Norfolk police have a shockingly low success rate in tackling thefts with thousands going unsolved, new figures have revealed. 

The figures released by Norfolk police show that more than 4,500 theft investigations were discontinued by officers last year “pending further investigative opportunities becoming available”.

Cases closed because no suspect had been identified or because the crime had been “investigated as far as reasonably possible” totalled more than half of the 8,985 thefts reported to police in 2021/22.

The investigations halted included a wide range of types of thefts and attempted thefts from shoplifting to bag snatches, muggings and blackmail.

Eastern Daily Press: Theft cases were closed because no suspect had been identified or lines of enquiry had been exhaustedTheft cases were closed because no suspect had been identified or lines of enquiry had been exhausted (Image: PA)

A spokesman for Norfolk police said: “We don’t underestimate the impact of being a victim of theft and are continually looking at ways we can improve our current rates of solving crimes and bringing offenders to justice.”

Victim Support said theft can have serious and long-term impacts on victims – robbing them of both their possessions and their sense of safety.

Jeffrey DeMarco, assistant director at the independent charity, added: "Theft is a crime that must always be taken seriously by the police, and work must be undertaken to improve these shockingly low success rates.”

Among the unsolved cases were 957 involving thefts from shops or market stalls, 203 where criminals made off without paying, 200 thefts from the person, 174 household thefts and 181 involving blackmail.

Eastern Daily Press: Almost 800 bike thefts were unsolved in Norfolk last yearAlmost 800 bike thefts were unsolved in Norfolk last year (Image: Getty Images)

There were also 773 bicycle thieves who were not caught and 42 who stole items from the mail, according to the figures released in response to a Freedom of Information request.

Catching thieves 

Police said officers worked hard to identify active lines of enquiry, including using “the latest in forensic technology, interrogating CCTV, doorbell, and dash cam footage, carrying out high visibility patrols, making public appeals for witnesses, house-to-house visits and following up intelligence leads”.

“Covert tactics, including deploying a GPS tracking system in areas identified as particular hotspots for bike thefts and investigating intelligence on social media surrounding sales of bicycles are also routinely used,” said a spokesman.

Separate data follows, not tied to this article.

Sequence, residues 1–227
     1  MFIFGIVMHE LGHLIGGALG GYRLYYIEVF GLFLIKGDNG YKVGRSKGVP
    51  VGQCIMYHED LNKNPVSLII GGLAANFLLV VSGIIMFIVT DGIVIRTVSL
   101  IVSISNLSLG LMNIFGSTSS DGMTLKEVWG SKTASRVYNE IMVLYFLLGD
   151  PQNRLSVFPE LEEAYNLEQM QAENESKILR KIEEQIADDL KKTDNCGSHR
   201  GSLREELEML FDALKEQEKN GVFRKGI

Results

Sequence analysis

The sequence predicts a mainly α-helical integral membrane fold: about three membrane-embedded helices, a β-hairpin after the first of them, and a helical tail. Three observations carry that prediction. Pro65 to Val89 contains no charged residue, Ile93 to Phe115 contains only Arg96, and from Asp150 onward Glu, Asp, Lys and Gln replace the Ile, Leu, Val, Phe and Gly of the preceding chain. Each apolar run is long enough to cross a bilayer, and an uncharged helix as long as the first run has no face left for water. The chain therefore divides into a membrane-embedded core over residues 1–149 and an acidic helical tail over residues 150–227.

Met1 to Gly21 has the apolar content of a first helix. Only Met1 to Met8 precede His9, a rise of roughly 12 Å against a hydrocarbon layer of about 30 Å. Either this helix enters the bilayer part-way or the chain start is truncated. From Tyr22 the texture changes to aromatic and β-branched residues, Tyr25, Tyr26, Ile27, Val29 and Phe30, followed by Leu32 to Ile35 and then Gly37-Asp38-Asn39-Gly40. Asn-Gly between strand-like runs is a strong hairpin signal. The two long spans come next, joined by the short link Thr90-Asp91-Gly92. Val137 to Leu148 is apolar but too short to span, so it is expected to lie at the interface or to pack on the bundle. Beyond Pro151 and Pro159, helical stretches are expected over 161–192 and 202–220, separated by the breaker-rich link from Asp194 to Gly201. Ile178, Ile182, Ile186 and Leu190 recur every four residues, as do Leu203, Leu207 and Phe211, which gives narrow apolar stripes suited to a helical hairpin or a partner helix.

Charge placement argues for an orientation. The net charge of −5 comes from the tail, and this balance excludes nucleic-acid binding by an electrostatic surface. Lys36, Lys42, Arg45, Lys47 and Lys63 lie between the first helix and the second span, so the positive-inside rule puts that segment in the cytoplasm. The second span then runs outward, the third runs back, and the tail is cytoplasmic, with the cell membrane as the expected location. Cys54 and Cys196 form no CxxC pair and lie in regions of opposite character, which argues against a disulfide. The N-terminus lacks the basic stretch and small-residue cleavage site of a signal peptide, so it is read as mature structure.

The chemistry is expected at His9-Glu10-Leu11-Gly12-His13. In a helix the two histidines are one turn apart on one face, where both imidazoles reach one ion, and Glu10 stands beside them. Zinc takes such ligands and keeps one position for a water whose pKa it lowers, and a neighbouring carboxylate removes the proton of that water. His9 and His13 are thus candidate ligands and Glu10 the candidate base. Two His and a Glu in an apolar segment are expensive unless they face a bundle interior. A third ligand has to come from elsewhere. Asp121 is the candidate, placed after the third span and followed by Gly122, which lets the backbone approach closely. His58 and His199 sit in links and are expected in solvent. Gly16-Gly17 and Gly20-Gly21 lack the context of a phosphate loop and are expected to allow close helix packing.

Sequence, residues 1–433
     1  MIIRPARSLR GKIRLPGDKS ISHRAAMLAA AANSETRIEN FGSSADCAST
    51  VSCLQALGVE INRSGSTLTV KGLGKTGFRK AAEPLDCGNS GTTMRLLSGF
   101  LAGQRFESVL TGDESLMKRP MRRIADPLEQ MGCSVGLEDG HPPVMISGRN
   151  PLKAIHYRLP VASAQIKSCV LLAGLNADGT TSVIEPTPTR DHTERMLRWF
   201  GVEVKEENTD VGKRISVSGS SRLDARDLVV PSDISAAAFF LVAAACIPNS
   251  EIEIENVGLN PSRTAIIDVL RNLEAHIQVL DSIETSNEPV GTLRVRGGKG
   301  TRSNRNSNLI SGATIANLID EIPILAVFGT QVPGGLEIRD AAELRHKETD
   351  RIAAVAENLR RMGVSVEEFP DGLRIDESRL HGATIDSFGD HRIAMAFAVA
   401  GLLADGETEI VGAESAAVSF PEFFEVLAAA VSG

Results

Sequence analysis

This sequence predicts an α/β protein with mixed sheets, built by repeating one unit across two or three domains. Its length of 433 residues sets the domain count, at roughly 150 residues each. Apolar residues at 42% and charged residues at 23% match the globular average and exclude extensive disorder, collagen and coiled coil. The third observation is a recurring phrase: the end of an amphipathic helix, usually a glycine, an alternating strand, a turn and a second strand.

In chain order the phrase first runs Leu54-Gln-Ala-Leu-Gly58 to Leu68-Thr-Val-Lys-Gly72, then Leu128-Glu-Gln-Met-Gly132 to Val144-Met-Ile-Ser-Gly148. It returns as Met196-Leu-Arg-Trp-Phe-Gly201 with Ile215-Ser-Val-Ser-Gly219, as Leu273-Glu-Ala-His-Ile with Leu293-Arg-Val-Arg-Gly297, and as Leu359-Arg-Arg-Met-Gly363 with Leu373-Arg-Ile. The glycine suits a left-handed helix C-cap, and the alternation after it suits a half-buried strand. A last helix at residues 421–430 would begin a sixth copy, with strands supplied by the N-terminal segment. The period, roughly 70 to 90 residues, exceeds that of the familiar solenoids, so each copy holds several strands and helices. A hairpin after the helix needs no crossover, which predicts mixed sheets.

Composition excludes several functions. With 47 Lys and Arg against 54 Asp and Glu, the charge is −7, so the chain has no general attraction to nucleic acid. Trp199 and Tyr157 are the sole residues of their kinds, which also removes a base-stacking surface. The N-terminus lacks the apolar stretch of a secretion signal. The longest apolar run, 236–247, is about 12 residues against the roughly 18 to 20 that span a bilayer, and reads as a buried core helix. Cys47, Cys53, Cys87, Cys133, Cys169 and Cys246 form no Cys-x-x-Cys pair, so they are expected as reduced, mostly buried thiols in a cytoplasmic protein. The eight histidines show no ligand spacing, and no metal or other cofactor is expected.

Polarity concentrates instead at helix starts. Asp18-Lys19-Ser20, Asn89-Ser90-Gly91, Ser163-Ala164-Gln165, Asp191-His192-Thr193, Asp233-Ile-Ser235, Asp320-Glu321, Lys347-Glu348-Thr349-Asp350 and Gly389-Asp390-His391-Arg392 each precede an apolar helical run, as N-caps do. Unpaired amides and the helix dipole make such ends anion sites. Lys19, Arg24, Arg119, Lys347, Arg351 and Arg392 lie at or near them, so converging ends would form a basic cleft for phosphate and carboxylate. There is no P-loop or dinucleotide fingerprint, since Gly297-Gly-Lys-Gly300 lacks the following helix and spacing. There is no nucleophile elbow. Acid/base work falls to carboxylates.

Eastern Daily Press: Police said GPS tracking were among the hi-tech techniques being used to help catch thievesPolice said GPS tracking were among the hi-tech techniques being used to help catch thieves (Image: Getty Images)

“Unfortunately, it is also often the case that there are no viable lines of enquiry to pursue: no witnesses, and no CCTV or forensic opportunities. 

“In these instances, and when all lines of enquiry have been exhausted, a crime report will be closed pending any new information coming to light.”

Last year it was revealed that police have failed to solve a single theft in nine out of 10 neighbourhoods across Norfolk over the past three years.

Breckland had the highest unsolved rate (94pc), followed by North Norfolk and South Norfolk (both 93pc), and King's Lynn & West Norfolk (91pc).

Great Yarmouth has the lowest, but more than eight in 10 thefts still remained unsolved. In Norwich 88pc didn’t lead to thieves being brought to justice.

National figures

The latest figures come as Labour said more than a million thefts went unsolved nationally last year, a figure it branded “disgraceful”.

Its analysis of crime statistics found that 1,145,254 cases of theft were dropped because the police failed to find a suspect.

Eastern Daily Press: Shadow home secretary Yvette CooperShadow home secretary Yvette Cooper (Image: PA)

Shadow home secretary Yvette Cooper said: “Theft and burglary are awful crimes and should be properly investigated, not just left for the victims to make an insurance claim. 

“The Home Secretary has no plan to turn this around and is instead obsessed with gimmicks rather than a serious plan to catch more criminals.”

A Home Office spokesperson said: “We continue to support the police, including through record investment and the recruitment of 20,000 additional officers by March 2023.”